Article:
However, the suit said, during Rice’s confinement multiple law enforcement personnel reported that Rice smelled of alcohol and appeared intoxicated or impaired, prompting them to consider her a risk to other inmates and to segregate her from them.
Rice’s death marked the third suicide in five years to occur in the Jackson County Detention Center. Charles “Chuckie” Moose died on Nov. 21, 2014, and Steve Ross died on March 13, 2015, both by hanging. In Ross’s case, gaps between visual checks were as large as 106 minutes, a far cry from the twice-hourly checks required by law. The SBI investigated Ross’s death, though not Moose’s. Welch declined to file charges.
The defendants’ response
In a response to the complaint filed March 24, the defendants — represented by Charlotte attorney Patrick Flanagan — admitted that Parris smelled alcohol on Rice when he responded to the call. However, they denied most of the other allegations used to build the case as to why Rice should have qualified for more rigorous monitoring.
The response to Dillard’s complaint denies that the witness said Rice appeared to be high on drugs, and it also denies detention center workers smelled alcohol on her, considered her a risk to other inmates and segregated her from them as a result.
In addition, while the response admits that Rice went to Harris for treatment of injuries to her hand, it denies sections of the complaint that state her apparent alcohol use was also part of the reason for her visit and that Watson went with her, knew she had previously attempted to commit suicide and failed to accurately report this behavior to medical staff. Regarding the self-harm assessment, defendants could not respond due to “lack of information or belief.”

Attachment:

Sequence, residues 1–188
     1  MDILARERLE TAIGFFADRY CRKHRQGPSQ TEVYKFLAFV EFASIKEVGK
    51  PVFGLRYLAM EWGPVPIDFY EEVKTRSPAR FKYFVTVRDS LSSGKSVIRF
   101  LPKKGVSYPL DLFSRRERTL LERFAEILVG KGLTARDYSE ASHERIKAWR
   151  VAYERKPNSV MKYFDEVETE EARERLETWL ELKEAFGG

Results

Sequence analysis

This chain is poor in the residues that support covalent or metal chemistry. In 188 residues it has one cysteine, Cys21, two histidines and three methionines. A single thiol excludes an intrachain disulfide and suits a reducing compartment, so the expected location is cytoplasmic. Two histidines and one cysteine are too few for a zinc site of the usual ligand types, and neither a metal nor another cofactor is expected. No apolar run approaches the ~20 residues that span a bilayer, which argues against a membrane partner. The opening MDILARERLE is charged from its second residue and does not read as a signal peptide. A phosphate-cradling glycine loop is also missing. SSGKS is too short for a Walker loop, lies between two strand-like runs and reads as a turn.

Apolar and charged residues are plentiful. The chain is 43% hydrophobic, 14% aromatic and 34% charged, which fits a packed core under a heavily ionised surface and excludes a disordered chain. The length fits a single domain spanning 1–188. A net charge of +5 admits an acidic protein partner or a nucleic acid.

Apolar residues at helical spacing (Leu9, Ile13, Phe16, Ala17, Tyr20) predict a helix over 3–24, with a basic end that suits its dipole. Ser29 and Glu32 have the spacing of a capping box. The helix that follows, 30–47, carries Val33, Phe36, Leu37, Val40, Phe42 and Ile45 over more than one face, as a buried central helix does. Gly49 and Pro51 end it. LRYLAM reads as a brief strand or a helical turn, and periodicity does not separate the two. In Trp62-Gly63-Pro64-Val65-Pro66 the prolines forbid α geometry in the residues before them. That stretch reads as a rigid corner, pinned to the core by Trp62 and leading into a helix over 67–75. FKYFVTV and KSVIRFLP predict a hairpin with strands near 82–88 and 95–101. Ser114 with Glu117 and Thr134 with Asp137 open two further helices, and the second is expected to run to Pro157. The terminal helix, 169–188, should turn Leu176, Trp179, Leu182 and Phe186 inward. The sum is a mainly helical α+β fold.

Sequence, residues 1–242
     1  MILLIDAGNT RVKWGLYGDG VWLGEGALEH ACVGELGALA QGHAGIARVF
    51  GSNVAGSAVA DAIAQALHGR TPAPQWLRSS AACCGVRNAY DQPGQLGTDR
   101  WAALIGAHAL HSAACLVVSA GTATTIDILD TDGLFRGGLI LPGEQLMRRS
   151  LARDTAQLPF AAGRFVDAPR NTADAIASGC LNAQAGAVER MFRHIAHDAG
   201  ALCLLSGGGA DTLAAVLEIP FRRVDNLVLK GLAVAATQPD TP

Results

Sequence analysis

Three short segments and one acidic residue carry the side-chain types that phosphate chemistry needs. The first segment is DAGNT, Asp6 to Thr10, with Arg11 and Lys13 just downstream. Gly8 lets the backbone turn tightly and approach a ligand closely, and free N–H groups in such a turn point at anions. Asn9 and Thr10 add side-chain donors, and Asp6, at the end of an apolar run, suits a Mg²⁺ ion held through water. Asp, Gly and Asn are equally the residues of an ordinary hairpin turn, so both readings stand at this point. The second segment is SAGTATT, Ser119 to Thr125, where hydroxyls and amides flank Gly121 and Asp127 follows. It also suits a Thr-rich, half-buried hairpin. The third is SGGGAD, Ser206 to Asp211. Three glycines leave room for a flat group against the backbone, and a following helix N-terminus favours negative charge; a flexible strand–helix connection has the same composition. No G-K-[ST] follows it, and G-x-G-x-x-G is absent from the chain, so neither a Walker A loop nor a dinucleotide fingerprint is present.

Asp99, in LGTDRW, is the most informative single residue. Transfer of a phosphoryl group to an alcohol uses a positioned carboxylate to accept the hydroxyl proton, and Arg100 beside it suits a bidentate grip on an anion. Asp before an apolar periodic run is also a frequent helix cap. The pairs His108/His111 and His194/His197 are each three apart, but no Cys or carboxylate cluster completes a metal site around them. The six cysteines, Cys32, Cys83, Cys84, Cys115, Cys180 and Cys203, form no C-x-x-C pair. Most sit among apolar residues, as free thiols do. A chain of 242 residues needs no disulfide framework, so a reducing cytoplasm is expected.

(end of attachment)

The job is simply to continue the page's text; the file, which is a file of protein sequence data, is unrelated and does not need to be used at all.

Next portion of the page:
In the original suit, Dillard listed four causes of action — wrongful death, failure to adequately train and supervise employees, 14th amendment violations and violation of a state law that requires jailers who do wrong to prisoners to pay triple the damages to the injured person and be guilty of a Class 1 misdemeanor. The suit seeks trial by jury, a judgment greater than $1 million on three separate claims, an award of triple the damages to Rice and attorney’s fees.
In their response, defendants ask that the case be dismissed with prejudice and that the plaintiff pay the defendants’ attorney’s fees, listing nine different defenses to the claims. These included governmental, qualified and public officials immunity; denial that defendants denied the plaintiff any constitutional or legal rights and denial that injuries resulted from acts, omissions, policies, customs, practices or procedures of the defendants.
If the court were to determine that any of the defendants caused the injuries due to negligence — which, again, is denied — “then it is alleged that the Plaintiff’s decedent herself was negligent and grossly negligent and that such negligence or gross negligence was the proximate cause of Plaintiff’s injuries or damages, if any,” the defendants argued.
In a separate response filed by Western Surety Company on April 8, the company asks that the complaint against it be dismissed, that the plaintiffs recover nothing, that costs of the action be assessed to someone other than Western Surety and that Western Surety be awarded its attorney’s fees.